Speech Given at the Foreign Ministry of Guatemala

Speech Given at the Foreign Ministry of Guatemala

Thursday, June 27, 2013

Foreign Ministry of Guatemala

Guatemala City, Guatemala


       Deputy Chief of Protocol of the Ministry of Foreign Affairs, Denis Ortiz; Ambassador to Germany, His Excellency Thomas Schäfer; Ambassador to Israel, His Excellency Moshé Bachar; Holocaust survivor Regina Engelberg; Rabbi Losef Benchimol; Director of Communications of the Municipality of Guatemala, Rafael Paiz; Jewish community members present; ladies and gentlemen, good afternoon.

        I thank you for your invitation to be here and be able to present our project, Traces to Remember, which has been designed as a preventative tool to teach, remember, and safeguard the defense of human rights. It is currently being carried out with great success in different Latin American countries.

        The project consists of exhibiting a plaque with the handprints of a Holocaust survivor and his descendants, as well as creating opportunities for reflection in congresses, embassies, universities, schools, institutes, museums, public places, and in the media in order to teach about genocide, particularly the Holocaust and its consequences. Above all, it has the aim of creating opportunities for reflection to educate younger generations and therefore prevent such events from happening again.

        The Holocaust divided the history of civilized society in a before and after. In this crime against humanity, a group of human beings used political power and invoked baseless racial superiority to carry out a human barbarity.

        It was an unprecedented attempt to annihilate a people based solely on the fact that they considered them to be an “inferior race.” For Hitler, it was more important to kill all the Jews than it was to win the war. For this reason, the Nazi regime used technology and scientific advances of that time in a systematic, organized, and well-planned manner in order annihilate the Jews en masse, even those who were not on German soil, simply for being Jewish and for considering them inferior to the “Aryan” race.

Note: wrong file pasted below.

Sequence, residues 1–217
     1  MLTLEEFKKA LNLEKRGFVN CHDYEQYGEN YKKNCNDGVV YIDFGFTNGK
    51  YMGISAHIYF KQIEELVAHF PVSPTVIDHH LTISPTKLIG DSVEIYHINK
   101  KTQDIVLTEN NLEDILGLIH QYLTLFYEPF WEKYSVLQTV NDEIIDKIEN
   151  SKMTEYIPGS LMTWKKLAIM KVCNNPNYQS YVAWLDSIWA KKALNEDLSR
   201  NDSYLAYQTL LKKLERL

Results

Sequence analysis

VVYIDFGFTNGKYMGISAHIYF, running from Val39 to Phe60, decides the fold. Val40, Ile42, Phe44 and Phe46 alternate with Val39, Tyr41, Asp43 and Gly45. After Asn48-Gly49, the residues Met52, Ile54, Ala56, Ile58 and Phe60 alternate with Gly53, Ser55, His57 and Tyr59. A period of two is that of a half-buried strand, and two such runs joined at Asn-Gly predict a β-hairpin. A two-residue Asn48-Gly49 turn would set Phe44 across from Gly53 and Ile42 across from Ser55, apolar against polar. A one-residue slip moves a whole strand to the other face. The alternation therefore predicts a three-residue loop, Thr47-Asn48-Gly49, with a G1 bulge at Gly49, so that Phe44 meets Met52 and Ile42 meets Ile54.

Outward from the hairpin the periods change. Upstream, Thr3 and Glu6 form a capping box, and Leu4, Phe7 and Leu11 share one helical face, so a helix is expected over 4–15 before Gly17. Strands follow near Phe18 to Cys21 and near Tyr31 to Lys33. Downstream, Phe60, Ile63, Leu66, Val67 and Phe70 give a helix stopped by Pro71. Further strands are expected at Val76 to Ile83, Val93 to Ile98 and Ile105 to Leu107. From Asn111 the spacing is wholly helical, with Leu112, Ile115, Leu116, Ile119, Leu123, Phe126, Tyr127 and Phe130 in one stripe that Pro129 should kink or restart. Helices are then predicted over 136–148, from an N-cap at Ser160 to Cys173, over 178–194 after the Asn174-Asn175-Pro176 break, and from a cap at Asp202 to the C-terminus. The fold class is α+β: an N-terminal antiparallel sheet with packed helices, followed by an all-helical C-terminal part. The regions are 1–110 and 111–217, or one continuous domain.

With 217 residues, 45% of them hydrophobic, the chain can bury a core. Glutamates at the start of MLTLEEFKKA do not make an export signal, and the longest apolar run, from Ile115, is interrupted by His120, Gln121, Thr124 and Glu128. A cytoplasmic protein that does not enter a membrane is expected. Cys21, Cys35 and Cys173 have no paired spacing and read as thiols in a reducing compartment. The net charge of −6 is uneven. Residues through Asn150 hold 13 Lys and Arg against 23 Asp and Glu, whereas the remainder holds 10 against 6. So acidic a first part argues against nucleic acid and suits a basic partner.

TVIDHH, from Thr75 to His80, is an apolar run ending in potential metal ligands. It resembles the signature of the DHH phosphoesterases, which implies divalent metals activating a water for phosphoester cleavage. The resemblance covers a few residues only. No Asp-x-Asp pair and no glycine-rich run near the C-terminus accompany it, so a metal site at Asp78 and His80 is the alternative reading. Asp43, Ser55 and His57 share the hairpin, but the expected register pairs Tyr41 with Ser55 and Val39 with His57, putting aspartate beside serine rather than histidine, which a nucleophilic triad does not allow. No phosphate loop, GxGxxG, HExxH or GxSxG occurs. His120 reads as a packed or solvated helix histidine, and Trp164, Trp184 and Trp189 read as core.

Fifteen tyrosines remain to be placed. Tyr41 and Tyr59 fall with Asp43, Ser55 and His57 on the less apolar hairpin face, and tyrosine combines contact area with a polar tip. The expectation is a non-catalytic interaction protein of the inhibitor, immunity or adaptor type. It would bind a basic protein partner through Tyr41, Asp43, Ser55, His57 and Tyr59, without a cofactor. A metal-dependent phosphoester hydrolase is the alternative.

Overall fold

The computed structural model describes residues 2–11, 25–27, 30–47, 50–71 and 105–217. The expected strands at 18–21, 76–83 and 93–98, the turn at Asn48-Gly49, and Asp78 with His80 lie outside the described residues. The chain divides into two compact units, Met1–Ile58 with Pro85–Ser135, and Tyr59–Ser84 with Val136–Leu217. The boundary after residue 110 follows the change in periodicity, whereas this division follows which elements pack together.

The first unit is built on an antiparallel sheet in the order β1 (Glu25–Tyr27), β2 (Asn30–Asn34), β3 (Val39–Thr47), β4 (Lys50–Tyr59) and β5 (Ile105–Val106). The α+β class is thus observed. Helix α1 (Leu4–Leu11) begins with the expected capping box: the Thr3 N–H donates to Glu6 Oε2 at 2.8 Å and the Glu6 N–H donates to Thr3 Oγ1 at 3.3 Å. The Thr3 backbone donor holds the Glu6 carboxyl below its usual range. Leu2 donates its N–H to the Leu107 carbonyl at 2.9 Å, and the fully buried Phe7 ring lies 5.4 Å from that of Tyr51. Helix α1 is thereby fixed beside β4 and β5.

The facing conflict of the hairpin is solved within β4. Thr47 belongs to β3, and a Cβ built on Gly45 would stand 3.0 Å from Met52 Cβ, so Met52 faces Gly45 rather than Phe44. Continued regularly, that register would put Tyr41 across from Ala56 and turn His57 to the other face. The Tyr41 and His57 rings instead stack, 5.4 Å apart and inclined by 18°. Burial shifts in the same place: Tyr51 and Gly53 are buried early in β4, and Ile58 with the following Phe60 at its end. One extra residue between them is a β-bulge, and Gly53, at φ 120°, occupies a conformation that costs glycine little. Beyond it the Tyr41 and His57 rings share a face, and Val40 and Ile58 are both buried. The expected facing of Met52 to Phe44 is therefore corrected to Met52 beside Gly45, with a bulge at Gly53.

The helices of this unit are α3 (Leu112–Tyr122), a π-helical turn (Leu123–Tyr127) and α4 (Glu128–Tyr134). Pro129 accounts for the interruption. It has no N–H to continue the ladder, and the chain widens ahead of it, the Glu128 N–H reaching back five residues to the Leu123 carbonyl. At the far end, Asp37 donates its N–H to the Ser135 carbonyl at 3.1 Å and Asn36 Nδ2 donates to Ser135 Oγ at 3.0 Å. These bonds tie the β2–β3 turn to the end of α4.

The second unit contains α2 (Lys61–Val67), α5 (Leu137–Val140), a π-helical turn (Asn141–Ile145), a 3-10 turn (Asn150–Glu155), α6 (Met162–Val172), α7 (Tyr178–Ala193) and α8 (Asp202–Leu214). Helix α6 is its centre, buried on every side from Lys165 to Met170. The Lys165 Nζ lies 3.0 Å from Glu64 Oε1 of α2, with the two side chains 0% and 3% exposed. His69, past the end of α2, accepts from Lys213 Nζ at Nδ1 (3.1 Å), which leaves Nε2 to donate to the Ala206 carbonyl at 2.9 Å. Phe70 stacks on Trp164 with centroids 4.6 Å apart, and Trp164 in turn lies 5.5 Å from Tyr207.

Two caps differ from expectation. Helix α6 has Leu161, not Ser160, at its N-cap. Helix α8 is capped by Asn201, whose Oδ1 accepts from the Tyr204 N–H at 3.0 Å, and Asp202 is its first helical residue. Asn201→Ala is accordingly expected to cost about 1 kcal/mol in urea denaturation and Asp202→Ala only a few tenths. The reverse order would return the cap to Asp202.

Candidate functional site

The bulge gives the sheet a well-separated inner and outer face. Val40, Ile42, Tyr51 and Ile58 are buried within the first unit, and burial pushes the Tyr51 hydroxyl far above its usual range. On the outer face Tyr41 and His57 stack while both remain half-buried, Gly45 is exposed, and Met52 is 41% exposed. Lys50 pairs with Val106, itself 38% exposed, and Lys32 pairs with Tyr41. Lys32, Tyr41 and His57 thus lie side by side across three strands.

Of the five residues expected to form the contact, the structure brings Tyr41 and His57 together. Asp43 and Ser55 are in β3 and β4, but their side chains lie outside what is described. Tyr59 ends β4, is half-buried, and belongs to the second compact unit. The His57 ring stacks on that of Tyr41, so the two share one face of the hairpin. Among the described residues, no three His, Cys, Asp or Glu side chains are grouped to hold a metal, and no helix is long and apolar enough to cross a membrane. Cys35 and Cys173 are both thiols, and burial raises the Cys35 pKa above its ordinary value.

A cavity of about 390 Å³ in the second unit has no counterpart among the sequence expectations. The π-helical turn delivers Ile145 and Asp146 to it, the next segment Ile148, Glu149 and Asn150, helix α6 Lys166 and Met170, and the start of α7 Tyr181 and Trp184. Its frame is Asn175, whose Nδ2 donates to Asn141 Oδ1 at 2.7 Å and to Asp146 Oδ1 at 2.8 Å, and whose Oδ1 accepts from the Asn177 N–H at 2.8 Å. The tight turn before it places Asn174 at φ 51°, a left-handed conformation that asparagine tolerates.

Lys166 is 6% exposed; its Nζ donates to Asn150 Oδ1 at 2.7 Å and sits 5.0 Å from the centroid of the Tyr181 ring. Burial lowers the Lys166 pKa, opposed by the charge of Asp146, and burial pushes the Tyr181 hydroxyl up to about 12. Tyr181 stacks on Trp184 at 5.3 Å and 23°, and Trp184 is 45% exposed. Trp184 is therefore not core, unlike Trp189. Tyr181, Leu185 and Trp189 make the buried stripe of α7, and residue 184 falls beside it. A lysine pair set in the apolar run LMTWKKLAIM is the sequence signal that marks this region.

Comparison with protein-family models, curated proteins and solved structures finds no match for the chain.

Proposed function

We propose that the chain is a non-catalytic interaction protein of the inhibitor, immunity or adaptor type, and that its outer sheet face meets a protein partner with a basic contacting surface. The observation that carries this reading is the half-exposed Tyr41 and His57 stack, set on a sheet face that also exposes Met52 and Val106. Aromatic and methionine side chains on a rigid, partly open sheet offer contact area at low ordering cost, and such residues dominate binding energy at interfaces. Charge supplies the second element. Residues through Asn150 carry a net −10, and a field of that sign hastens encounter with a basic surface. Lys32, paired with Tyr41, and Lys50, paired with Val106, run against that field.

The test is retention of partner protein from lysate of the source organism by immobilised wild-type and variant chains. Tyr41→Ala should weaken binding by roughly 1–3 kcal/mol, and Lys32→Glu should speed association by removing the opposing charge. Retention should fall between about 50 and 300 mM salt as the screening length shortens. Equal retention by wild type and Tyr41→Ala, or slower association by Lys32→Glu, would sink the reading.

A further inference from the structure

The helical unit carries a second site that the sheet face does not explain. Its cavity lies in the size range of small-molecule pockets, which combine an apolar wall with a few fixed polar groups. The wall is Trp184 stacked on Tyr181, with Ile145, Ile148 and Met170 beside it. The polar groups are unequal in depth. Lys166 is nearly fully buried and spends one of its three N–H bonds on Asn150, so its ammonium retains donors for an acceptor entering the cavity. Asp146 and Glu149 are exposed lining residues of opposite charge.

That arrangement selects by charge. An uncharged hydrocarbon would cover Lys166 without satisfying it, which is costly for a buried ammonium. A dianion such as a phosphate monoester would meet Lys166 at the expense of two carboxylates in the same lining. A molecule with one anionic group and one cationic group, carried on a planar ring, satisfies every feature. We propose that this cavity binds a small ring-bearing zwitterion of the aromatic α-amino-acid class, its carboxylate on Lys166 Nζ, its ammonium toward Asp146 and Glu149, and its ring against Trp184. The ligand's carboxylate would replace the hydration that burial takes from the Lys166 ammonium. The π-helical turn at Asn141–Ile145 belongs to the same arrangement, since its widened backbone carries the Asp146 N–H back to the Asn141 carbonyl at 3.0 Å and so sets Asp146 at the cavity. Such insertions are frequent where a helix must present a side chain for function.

We are part of history, and therefore, we must demand that the Holocaust and any other crime against humanity not be repeated. We believe that forgetting the Holocaust is a crime, and not making it known to new generations would make us accomplices of those who perpetrated it and those who currently deny it. The Holocaust is the saddest defeat of free civilization. This crime perpetrated by the Nazi regime is the dark page in the history of Germany; and therefore, of the human race.

       Our goal as the Global Embassy of Activists for Peace is to educate present and future generations in order to make them aware of the consequences of discrimination and intolerance so that crimes against a group of people for racial, ethnic, linguistic, cultural, idiomatic, religious, age or gender-based reasons never happen again.

        We believe that the best way to promote tolerance, equality, and respect for life and human dignity is through education. In this respect, the United Nations Resolution 60/7 of November 1, 2005 urges Member States to develop educational programmes that will inculcate future generations with the lessons of the Holocaust in order to help to prevent future acts of genocide.” And Resolution 61/255 of January 26, 2007 “rejects efforts to deny the Holocaust which, by ignoring the historical fact of those terrible events, increase the risk they will be repeated.”